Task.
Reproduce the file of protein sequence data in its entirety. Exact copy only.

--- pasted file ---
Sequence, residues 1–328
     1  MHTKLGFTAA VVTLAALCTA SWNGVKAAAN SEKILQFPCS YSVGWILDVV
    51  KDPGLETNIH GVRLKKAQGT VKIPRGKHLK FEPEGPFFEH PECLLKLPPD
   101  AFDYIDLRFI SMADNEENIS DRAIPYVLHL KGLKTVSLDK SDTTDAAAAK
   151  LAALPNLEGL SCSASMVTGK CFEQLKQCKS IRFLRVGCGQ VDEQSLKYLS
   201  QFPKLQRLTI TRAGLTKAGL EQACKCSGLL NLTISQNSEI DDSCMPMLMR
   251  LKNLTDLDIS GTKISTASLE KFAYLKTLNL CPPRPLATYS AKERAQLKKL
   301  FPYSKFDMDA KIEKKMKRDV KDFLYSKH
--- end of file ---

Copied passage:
Sequence, residues 1–328
     1  MHTKLGFTAA VVTLAALCTA SWNGVKAAAN SEKILQFPCS YSVGWILDVV
    51  KDPGLETNIH GVRLKKAQGT VKIPRGKHLK FEPEGPFFEH PECLLKLPPD
   101  AFDYIDLRFI SMADNEENIS DRAIPYVLHL KGLKTVSLDK SDTTDAAAAK
   151  LAALPNLEGL SCSASMVTGK CFEQLKQCKS IRFLRVGCGQ VDEQSLKYLS
   201  QFPKLQRLTI TRAGLTKAGL EQACKCSGLL NLTISQNSEI DDSCMPMLMR
   251  LKNLTDLDIS GTKISTASLE KFAYLKTLNL CPPRPLATYS AKERAQLKKL
   301  FPYSKFDMDA KIEKKMKRDV KDFLYSKH